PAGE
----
Use of SNAP-Cell Block with SNAP-Cell Substrates (E9100)


In many cases the labeling of a non-transfected cell sample or a mock-transfected cell sample will be completely sufficient as a negative control for cell labeling. In some cases, however, it may be desirable to block the SNAP-tag activity in a cell sample expressing the SNAPf fusion protein to generate a control. This is done by a pre-incubation of the cells with SNAP-Cell Block, followed by the incubation with the labeling solution. SNAP-Cell Block may also be used in pulse-chase experiments to block the SNAP-tag reactivity during the chase between two pulse-labeling steps. 

Note that SNAP-Cell Block is a potent blocker of the SNAP-tag. Always take care to avoid carryover of SNAP-Cell Block to samples that you do not wish to block.

Preparation of Stock Solution

Dissolve one tube of SNAP-Cell Block (20 nmol) in 10 μl of fresh DMSO to give a stock solution of 2 mM. Mix by vortexing for 10 minutes, until all the SNAP-Cell Block is dissolved. Store this stock solution in the dark at 4°C or for extended storage at -20°C. We recommend using a final concentration of 10 μM, which is a 1:200 dilution of this stock solution.

Blocking SNAP-tag Activity with SNAP-Cell Block
The following steps describe the use of SNAP-Cell Block in a typical control labeling experiment:


  1. Prepare two cell samples suitable for labeling, each expressing the SNAPf fusion protein of interest.
  2. Mix an appropriate amount of medium with SNAP-Cell Block stock solution in a ratio of 1:200 to give a blocking medium of 10 μM SNAPCell Block. For best performance, add the dissolved SNAP-Cell Block to complete medium, including serum. Do not prepare more medium with SNAP-Cell Block than you will consume within one hour.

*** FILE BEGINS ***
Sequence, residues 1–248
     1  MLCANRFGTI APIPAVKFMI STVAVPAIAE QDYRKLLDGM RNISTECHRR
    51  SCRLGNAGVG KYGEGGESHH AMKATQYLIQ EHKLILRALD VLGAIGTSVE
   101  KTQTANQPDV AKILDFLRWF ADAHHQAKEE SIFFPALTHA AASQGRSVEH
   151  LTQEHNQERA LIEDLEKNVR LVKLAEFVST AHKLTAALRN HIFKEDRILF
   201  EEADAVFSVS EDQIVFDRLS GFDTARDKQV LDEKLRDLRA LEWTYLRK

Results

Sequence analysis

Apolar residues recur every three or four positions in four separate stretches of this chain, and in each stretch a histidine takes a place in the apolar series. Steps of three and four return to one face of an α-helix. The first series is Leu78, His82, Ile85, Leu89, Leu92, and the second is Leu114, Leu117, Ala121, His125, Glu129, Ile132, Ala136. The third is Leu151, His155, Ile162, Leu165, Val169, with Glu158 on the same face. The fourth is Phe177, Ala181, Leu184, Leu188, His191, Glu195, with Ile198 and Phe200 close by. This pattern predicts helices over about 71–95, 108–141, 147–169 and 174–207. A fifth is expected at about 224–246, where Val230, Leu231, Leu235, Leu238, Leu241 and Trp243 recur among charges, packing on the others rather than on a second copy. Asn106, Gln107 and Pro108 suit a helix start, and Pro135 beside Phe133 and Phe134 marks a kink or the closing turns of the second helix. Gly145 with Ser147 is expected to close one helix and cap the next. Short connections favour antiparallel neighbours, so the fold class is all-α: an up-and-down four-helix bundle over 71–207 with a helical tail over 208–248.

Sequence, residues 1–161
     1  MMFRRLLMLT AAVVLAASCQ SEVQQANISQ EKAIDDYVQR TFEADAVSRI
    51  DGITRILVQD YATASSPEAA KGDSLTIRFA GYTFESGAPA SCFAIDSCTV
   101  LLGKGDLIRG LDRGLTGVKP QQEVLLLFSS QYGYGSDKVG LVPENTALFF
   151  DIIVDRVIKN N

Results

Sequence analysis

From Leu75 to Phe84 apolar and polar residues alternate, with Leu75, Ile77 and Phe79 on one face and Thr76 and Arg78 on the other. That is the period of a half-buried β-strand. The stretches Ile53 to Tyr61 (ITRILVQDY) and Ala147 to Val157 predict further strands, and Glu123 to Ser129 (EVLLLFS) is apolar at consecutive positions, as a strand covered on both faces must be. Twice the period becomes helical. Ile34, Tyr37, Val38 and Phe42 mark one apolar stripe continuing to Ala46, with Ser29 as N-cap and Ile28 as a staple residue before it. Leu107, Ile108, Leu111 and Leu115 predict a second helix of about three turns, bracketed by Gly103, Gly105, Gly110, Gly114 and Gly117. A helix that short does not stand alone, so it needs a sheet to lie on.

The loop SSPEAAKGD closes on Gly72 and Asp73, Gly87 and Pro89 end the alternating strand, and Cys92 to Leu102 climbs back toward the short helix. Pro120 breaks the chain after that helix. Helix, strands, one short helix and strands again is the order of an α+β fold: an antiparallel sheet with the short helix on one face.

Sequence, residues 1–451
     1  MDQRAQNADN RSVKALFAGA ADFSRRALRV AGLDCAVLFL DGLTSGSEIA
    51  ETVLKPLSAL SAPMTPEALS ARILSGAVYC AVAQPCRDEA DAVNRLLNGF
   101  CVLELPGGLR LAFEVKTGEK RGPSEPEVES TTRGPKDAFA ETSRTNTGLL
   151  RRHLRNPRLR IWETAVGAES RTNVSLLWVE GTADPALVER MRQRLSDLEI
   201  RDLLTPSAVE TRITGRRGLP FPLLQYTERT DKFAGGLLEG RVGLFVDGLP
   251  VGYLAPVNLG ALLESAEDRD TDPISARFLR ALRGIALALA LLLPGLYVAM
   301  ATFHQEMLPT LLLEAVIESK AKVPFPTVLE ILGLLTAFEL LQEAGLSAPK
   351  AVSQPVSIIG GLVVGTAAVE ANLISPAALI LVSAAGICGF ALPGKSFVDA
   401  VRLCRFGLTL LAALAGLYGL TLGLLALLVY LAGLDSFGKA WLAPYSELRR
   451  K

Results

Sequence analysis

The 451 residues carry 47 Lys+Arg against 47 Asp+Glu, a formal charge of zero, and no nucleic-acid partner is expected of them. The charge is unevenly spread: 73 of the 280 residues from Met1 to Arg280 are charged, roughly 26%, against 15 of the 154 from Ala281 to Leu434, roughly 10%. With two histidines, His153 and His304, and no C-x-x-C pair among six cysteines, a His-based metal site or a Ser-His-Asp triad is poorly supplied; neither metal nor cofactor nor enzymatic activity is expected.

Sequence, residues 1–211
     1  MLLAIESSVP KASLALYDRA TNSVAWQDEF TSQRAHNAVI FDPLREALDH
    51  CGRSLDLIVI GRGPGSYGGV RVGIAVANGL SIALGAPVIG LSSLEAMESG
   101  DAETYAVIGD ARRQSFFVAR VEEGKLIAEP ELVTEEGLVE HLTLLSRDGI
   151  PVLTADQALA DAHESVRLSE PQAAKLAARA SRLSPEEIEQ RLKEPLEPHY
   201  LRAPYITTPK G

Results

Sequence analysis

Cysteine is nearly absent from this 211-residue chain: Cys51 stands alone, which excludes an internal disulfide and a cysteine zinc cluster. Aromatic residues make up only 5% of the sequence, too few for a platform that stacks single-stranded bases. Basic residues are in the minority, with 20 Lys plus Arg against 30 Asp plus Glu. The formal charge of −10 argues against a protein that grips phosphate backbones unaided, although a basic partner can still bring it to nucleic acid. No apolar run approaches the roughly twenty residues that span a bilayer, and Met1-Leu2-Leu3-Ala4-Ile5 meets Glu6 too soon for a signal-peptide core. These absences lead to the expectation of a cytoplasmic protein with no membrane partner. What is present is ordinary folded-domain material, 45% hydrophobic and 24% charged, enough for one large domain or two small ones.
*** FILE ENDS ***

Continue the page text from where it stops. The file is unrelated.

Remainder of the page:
3. Mix an appropriate amount of medium with DMSO in a ratio of 1:200, to give a final concentration of 0.5% v/v DMSO.
  4. Replace the medium on one sample of cells with the blocking medium. These are your blocked cells. Replace the medium on the other sample of cells with the medium containing DMSO. These are your test cells. Incubate both cell samples at 37°C, 5% CO2 for 10–15 minutes.
  5. Remove SNAP-Cell Block or DMSO-containing medium by washing both samples of cells twice with complete medium.
  6. Label both cell samples with the SNAP-Cell substrate using the Protocol for Intracellular Labeling Reaction.
  7. Inspect both samples under the fluorescence microscope. The blocked cells should show no fluorescence, whereas the test cells should show fluorescence localized to where the SNAPf fusion protein is present in the cell.

Note that there is a constant turnover and resynthesis of proteins in the cell. After having blocked all existing SNAPf fusion proteins within the cell, new SNAPf fusion protein molecules may be synthesized in the meantime and may get labeled during incubation with a fluorescent SNAP-tag substrate. This will give the impression that the blocking was ineffective. In order to minimize these effects of protein synthesis and protein transport, cells may have to be treated with cycloheximide and incubation with the fluorescent SNAP-tag substrate may have to be performed at 4°C.